The very long half-marathon

Saturday morning I ran the Brooklyn Half-Marathon, a supposed final "tune-up" before the Paris Marathon which looms before me on April 10th. Since I've been skiing a lot more than I should be, and running a lot less (with the slim hope that all the skiing will be close enough to running to "count"), I'd lowered my goal for Paris from Sub 4:30 Marathon to Just Finish and Have Fun. Judging by my performance on Saturday, Just Finish will be a challenge, and Have Fun will be unachievable.

Guh! Who would have thought 13.1 miles could be sooooo looooong? Perhaps it was because I skied for nearly seven straight days, then headed to San Diego where I barely got any rest and conferenced up a storm, then flew the red-eye back to NY and two nights before the race had only 4 hours sleep? Perhaps it's because I just haven't done the work. Either way, my legs felt like lead, and I had to coax them through the flats of Brooklyn and then plead with them through the rolling hills of Prospect Park. Final result? 2:18:52. I'm really beginning to dread Paris.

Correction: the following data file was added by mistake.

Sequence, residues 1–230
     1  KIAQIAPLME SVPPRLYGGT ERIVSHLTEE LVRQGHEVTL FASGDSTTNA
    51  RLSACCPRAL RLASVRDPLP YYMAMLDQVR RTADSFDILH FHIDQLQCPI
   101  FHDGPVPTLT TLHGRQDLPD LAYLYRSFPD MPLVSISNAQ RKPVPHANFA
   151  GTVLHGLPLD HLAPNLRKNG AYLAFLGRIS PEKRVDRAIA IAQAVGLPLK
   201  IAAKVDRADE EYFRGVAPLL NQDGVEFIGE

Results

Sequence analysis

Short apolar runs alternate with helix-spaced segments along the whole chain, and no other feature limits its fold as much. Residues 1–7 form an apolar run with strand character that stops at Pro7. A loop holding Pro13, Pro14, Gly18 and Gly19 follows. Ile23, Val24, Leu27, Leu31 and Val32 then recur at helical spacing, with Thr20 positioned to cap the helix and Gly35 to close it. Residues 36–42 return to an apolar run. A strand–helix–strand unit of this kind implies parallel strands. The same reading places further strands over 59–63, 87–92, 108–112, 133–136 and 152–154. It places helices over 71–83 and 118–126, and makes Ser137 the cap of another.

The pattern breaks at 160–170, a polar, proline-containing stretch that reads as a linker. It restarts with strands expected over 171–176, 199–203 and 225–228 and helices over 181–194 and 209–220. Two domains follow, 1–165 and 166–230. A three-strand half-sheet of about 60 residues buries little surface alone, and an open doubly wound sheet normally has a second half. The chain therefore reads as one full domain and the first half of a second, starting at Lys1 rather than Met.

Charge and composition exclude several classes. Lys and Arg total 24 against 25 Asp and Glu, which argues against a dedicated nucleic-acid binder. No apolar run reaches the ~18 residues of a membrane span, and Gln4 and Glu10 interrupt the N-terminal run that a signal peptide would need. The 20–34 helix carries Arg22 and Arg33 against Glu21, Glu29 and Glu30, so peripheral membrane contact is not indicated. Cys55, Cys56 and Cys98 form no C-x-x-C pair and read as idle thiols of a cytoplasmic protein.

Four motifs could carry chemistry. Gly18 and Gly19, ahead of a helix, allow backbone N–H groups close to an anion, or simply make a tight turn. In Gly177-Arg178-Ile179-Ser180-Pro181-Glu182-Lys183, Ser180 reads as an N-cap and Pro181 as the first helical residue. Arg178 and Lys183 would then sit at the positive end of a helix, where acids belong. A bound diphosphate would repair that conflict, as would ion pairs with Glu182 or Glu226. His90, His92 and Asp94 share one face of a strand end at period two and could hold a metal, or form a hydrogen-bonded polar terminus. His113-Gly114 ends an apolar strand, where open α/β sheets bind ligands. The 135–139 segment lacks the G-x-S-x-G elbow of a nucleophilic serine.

Dwindling Etech links

As you can see by the number of links posted over the course of three days, Etech kicked my butt and exhaustion took hold. By the end just being able to follow a talk was about all I could muster. Dare I say I'll write up my thoughts about the conference in the next few days and post something about my experience? A wiser woman would not, but I still dream of the day when I actually take the time to summarize a conference.

Links from Day 2 of ETech

This is a dump of lnks of interest to me that come up during talks during the second day at Etech. Newest at top. Late start because I was running in the AM.

Ta-da Lists
Really simple to-do list management.

Cory Doctorow's notes
Cory's notes from James Surowiecki's talk, "Independent Individuals and Wise Crowds, or Is It Possible to Be Too Connected?"

The SchoolTool Project
"SchoolTool is a project to develop a common global school administration infrastructure that is freely available under an Open Source licence."

Instiki